The BioMassters Hosted By MathWorks

competition
complete
$10,000

About the data


Finland is Europe’s most forested country, with 75% of its land area covered in forest. Unlike many other forested regions, two-thirds of Finnish forests are privately owned. The Finland Forest Centre’s database on these private forests is one of the world’s most extensive. Their free and open LiDAR data, provided through the Creative Commons CC BY 4.0 license, allows for the calculation of above ground biomass (AGBM), an essential measure for policy makers and researchers. This makes Finland one of the world’s best test labs for developing powerful satellite biomass algorithms.

Various stakeholders from private and public forest owners to scientists, policymakers, and corporations use Aboveground Biomass (ABGM) to better understand a forest's carbon stock and sequestration. Measuring the power of forests as carbon sinks provides incentive to consider the environmental value of forests and contribute to the global goal of halting deforestation.

After the challenge, the best biomass predictions will be used to model carbon metrics on Avoin Map to aid transparent decision making and biodiversity restoration. The challenge-winning biomass algorithm will be adjusted and scaled globally using ground truth measurements from forests around the world. The algorithm could be extended to many different types of forest biomass, from boreal to temperate, and from tropical to arid.

“I believe that we are just at the beginning of the Earth Observation big data revolution. Joint effort and open science are the fundamental bricks to build new models and services for addressing societal challenges.”

More information on satellite data

Sentinel-1 SAR

The Sentinel-1 mission uses two polar-orbiting satellites that circle the globe along opposite trajectories, one ascending across the poles, one descending. Unlike many other remote sensing missions (including Sentinel-2), Sentinel-1 conducts remote imaging using Synthetic Aperture Radar (SAR). SAR operates by emitting energy from a sensor and recording the amount of that energy that is reflected back after interacting with the Earth. This energy can be transmitted and received using either vertical or horizontal polarizations, which correspond to different bands. The figure below illustrates how radars transmit and receive polarized energy by applying specific filters.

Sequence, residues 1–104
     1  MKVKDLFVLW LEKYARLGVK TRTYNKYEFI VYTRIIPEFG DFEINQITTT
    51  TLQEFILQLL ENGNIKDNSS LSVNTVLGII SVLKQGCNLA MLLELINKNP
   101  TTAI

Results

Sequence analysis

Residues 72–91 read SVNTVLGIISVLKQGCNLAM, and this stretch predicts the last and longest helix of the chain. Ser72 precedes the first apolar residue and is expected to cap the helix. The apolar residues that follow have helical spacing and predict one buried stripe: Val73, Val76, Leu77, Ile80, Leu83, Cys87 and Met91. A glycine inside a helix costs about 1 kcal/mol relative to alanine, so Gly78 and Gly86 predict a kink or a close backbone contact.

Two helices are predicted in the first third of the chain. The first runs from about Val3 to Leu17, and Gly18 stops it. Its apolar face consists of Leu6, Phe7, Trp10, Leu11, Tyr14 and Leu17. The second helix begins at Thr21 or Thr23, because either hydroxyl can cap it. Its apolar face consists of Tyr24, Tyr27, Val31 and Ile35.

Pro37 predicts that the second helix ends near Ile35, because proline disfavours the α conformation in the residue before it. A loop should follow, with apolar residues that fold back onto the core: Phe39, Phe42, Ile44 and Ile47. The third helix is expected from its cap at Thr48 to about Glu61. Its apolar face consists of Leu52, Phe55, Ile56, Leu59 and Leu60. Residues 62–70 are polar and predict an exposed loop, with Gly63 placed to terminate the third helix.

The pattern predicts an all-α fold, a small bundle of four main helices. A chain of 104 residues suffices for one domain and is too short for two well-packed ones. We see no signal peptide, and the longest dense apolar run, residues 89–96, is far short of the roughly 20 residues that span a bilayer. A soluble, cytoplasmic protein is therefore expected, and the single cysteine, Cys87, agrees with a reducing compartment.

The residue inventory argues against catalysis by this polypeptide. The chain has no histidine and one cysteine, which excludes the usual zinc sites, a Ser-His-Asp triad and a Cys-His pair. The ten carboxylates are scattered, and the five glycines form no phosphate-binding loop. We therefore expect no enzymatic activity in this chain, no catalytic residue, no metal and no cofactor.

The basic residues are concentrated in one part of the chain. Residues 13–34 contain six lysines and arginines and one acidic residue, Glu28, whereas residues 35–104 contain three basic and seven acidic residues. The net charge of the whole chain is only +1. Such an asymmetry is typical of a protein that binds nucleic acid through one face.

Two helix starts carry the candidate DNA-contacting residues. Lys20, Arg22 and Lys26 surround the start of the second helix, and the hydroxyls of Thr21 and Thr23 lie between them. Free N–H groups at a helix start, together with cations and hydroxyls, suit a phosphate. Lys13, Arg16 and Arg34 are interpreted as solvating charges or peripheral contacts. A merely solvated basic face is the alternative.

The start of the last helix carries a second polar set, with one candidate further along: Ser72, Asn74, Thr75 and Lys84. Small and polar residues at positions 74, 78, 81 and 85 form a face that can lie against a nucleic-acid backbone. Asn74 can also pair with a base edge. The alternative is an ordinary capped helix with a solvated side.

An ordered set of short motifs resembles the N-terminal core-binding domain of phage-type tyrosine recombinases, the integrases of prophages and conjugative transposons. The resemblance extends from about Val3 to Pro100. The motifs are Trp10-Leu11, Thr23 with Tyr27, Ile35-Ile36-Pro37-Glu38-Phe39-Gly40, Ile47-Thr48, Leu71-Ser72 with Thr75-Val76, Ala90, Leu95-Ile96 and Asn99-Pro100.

An diagram of how SAR uses polarization

The first symbol indicates the direction of transmission and the second indicates the direction of reception. Image Credit: Remote Sensing of the Environment.

The signal strength of these different polarizations can give scientists clues about the surface of the area being sensed — for example, whether it is bare soil or water, forest canopy, or buildings, among others. For more information about different bands and surfaces, NASA Earthdata can be a useful resource.

Sentinel-2 MSI

Sentinel-2 is a European wide-swath, high-resolution, multi-spectral imaging mission. Sentinel-2 includes twin satellites flying in the same orbit but phased at 180°, which is designed to give a high revisit frequency of 5 days at the equator.

SENTINEL-2 carries an optical instrument payload that samples 13 spectral bands: four bands at 10 m, six bands at 20 m, and three bands at 60 m spatial resolution. The orbital swath width is 290 km.

For more information, refer to the Copernicus Sentinel-2 information page.

Cloud Probability Layer

The cloud probability layer (CLP band) provided in the Sentinel-2 data was generated using the Sentinel Hub Cloud Detector for Sentinel-2 images. This model is publicly available under the CC-BY-SA-4.0 license.

About our data partners

The idea to prepare this dataset was developed within the two Geomatics groups of KU Leuven University and the University of Liège in scientific collaboration with the Finnish company Avoin Map.

The main aim of this challenge is to investigate the potential of multi-modal and multi-resolution Sentinel satellite data to estimate biomass at a large scale, using data from the Finnish Forest Centre's open forest and nature data as reference data. While field measurements and airborne LiDAR techniques are effectively used to retrieve information about the forest biomass, it’s challenging and expensive to use these techniques at a large scale. The utilization of satellite data to measure biomass would dramatically reduce the cost and resources required for forest monitoring and carbon estimation. In turn, such information allows landowners and policy makers to make better decisions for the conservation of forests.

You can learn more here:


An image of the University of Liège logo          An image of KU Leuven logo